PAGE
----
This system supports highly accurate bacterial species estimation using AI image recognition technology for Gram stain images, and the selection of appropriate antibiotics connecting with antibiograms.
Currently, we need to prepare several kinds of staining solutions and rely on manual and experience-dependent techniques, or ask a central laboratory or testing center of a large hospital to do it. However, clinics or doctor offices have limited time to conduct Gram staining, and it takes at least several days to complete all the procedure if it is done at a testing center, making it impossible to immediately prescribe antibiotics to the patient at hand. The same problem exists in hospital emergency rooms and intensive care units.
Due to inappropriate use of antibiotics, reports of bacterial outbreaks of “Antimicrobial Resistance (AMR),” in which antibiotics are ineffective, are increasing worldwide.
The use of broad-spectrum antibiotics due to empirical treatment has contributed to the increase of drug-resistant bacteria.
Precision testing equipment is expensive and difficult to install in small and medium-sized medical facilities. When it is necessary to prescribe antibiotics without waiting for a culture test that takes several days, the prescription often depends on the experience of doctors and technicians.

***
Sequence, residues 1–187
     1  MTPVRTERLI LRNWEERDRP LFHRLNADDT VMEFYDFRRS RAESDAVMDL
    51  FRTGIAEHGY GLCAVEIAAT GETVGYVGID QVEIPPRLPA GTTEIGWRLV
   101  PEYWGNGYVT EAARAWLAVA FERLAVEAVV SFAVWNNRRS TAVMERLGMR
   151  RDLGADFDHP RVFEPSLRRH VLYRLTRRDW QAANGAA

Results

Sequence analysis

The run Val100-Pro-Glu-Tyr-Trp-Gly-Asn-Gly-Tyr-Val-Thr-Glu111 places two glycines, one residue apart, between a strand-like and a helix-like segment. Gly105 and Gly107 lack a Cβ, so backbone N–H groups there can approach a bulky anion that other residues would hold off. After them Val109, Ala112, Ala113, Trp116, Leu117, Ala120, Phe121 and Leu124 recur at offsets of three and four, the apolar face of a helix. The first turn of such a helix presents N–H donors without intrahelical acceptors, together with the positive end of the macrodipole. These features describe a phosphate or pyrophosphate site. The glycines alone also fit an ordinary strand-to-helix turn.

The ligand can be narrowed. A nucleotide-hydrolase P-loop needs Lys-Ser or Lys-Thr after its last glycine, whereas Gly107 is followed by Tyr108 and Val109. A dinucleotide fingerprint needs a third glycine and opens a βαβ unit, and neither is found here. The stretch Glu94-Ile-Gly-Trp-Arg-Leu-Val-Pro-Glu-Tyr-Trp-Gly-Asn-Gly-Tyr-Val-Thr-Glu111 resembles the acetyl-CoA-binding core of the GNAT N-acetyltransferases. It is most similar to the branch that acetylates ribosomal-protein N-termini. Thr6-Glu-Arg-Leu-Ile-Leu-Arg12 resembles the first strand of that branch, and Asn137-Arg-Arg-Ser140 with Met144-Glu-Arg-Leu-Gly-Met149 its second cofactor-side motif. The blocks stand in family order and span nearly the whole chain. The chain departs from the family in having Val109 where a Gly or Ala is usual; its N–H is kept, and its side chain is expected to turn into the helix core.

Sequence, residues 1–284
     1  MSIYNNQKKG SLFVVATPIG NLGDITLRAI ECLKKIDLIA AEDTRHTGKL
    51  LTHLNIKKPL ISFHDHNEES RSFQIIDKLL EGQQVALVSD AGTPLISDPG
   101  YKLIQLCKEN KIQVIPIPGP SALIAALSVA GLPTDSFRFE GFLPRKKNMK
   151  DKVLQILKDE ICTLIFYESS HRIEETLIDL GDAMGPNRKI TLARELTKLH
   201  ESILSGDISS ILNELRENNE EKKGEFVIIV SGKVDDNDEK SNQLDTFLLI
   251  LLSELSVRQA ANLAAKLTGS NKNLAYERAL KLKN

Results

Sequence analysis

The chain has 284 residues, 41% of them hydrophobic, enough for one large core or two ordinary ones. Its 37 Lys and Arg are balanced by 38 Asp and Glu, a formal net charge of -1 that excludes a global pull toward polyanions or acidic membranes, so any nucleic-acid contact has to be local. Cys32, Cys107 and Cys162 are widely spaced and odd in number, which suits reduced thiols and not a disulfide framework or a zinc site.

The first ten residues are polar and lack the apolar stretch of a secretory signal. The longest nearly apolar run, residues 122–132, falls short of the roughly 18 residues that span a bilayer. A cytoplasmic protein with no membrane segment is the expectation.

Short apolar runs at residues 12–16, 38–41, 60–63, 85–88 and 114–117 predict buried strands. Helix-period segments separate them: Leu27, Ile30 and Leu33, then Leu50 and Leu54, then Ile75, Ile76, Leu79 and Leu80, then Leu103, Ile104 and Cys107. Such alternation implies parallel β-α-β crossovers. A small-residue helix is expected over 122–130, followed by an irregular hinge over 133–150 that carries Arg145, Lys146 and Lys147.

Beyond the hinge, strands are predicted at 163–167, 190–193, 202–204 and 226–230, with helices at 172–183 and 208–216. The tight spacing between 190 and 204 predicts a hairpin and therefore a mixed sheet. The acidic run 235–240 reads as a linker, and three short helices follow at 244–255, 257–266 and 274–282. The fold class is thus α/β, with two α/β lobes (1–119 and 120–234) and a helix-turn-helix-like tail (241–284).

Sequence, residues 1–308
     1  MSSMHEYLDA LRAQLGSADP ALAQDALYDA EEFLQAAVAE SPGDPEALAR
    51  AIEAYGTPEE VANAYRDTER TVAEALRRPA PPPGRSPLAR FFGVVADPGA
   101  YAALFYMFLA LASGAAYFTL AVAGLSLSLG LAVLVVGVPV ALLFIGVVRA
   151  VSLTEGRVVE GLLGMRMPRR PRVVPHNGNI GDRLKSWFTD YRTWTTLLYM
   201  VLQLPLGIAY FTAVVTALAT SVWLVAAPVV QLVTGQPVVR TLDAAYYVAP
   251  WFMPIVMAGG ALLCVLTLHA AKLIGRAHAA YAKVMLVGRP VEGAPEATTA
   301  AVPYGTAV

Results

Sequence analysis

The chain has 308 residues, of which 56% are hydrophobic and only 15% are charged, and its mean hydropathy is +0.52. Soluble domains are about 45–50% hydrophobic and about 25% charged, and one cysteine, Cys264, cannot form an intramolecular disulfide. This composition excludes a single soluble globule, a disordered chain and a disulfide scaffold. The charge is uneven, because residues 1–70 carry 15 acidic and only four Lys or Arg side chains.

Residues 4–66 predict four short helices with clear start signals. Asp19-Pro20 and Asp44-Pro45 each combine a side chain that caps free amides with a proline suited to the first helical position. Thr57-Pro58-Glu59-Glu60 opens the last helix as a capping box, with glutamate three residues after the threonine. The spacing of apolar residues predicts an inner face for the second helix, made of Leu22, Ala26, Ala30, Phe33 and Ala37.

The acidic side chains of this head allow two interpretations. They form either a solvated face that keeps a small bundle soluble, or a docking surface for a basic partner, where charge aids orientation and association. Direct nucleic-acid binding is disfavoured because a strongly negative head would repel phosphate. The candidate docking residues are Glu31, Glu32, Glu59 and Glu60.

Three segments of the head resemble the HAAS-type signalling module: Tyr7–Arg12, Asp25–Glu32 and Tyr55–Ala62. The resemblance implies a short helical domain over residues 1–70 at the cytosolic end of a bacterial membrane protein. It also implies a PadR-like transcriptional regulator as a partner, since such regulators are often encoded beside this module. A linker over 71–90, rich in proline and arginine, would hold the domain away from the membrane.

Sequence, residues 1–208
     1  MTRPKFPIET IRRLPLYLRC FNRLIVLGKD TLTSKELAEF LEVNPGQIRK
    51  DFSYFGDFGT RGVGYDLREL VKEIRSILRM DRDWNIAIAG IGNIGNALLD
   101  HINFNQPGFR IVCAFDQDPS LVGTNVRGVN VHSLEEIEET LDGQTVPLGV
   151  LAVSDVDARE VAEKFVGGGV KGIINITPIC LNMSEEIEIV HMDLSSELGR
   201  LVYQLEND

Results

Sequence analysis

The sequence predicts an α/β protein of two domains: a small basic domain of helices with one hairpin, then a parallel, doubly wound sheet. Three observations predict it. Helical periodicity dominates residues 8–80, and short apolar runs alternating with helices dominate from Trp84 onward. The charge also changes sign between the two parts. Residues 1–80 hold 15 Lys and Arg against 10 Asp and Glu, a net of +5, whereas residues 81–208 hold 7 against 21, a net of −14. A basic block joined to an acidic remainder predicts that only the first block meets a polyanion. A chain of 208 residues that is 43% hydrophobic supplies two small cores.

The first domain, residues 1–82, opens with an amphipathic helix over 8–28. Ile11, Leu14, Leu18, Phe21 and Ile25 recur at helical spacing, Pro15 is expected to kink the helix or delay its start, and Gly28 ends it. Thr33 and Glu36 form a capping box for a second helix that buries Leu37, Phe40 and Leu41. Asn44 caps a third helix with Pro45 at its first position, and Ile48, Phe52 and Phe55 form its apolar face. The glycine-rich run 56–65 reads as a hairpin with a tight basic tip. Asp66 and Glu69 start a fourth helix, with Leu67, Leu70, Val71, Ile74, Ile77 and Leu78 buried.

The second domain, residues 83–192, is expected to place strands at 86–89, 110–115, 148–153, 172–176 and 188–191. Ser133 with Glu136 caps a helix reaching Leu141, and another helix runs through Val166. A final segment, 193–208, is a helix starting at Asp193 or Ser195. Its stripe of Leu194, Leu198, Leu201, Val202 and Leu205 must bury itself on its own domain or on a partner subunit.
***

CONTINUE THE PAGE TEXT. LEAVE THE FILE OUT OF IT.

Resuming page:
As a result, incorrect selection of initial antibiotics can happen.
In addition, even when the causative bacteria are identified, appropriate antibiotics are not prescribed due to lack of sharing of medical knowledge.
To solve these problems, BiTTE supports highly accurate bacterial species estimation using AI image analysis technology and the selection of appropriate antibiotics in conjunction with the Antibiogram (a table of antibiotic susceptibility).
For the estimation of bacterial species, we have developed an image
recognition AI model that learns from the Gram stain images of urine samples and the results of bacterial species determination by culture tests, and use the inference results.
Gram stained images are captured with a smartphone camera attached to the eyepiece lens via an attachment to an optical microscope, and the results of drug susceptibility tests are used as statistical data in an antibiogram to support the proper use of antibiotics based on evidence data.
Aiming to reduce the occurrence of drug resistance, the system also displays spectrum scores and WHO’s AWaRe classification to enable narrower antibiotic selection.
The scope of samples will be expanded from urine to blood, sputum and other samples.